You can never be too rich, too thin or have enough wardrobe space. OK, I made that last bit up but, unless your closet is of Carrie Bradshaw proportions, you would probably agree. It's not fun scrambling to locate that missing shoe or matching clutch when you're meant to be somewhere else.
Knowing that, Rakku (www.rakkudesigns.com), the company that brought us the Shoe Wheel in 2006, has introduced the Iglu - another innovation aimed at making our lives easier. The Iglu (right) is a modular storage system for shoes, handbags, belts and scarves. The Iglu's expandable cases can accommodate any accessory and, being transparent, you can quickly find whatever you are looking for. The design features a snap-and-latch system to form the configuration that best fits your storage area, whether hanging from the wardrobe rod or a shelf or tucked behind the door. It can fit into nooks in a conventional or walk-in wardrobe and provides a dust-free environment for your stored items. The Iglu can contract to fit into a handbag and an optional base with wheels is available. One box containing a set of six cases costs US$52 and a smaller Iglu, designed for shoes only, sells for US$35.
Does organising your living space feel like an adventure? That's not a trick question. According to www.spacelimited.com, it should. The site, devoted to space management, contains handy tips - neatly packing drawers to free up more space or using ceilings for 'hanging' storage. It recommends books and magazines on storage solutions and links to a library of how-to videos.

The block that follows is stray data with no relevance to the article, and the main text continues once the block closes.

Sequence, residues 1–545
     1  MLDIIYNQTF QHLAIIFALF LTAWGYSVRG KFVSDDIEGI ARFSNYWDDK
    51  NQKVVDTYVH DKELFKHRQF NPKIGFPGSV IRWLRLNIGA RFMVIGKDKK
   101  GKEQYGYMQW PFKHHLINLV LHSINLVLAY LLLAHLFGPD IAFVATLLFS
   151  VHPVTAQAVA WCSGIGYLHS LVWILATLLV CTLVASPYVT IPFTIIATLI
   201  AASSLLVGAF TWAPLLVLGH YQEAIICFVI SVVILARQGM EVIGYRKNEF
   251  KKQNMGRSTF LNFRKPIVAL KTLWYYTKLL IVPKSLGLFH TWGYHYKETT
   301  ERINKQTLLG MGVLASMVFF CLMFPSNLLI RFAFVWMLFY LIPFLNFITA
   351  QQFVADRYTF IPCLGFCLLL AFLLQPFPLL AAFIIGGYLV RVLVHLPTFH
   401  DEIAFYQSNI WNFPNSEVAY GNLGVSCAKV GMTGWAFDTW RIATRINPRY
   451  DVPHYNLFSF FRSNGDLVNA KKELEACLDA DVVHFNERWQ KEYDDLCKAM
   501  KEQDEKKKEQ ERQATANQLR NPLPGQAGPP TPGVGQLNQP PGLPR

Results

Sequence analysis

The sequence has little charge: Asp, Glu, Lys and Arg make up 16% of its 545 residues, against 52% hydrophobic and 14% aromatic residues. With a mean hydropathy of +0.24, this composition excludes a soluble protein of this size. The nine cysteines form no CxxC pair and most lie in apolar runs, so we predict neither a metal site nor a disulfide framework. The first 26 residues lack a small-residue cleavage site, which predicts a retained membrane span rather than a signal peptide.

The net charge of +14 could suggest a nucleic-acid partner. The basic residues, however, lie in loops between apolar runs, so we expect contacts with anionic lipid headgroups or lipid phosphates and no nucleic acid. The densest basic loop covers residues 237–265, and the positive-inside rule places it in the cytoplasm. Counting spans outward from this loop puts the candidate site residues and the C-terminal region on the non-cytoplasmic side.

Apartment Therapy's Big Book of Small, Cool Spaces (www.apartmenttherapy.com) is brimming with ingenious tips and ideas, such as shifting the sense of scale through contrasting colours. Author Maxwell Gillingham-Ryan, co-founder of the American interior-design website, says size constraints can unlock your design creativity and allow you to focus on what's essential. In this book, he promises to 'turn tiny into totally fabulous', demonstrated in 40 chic small spaces. Covering everything from entrances, living rooms, kitchens and dining rooms to bedrooms, home offices and children's rooms, the book promises 'to change your thinking forever'.
Starting afresh and cutting clutter - or at least storing it neatly and efficiently - might well be on your new year's resolution list. If not, given the creative options now available, perhaps it should be?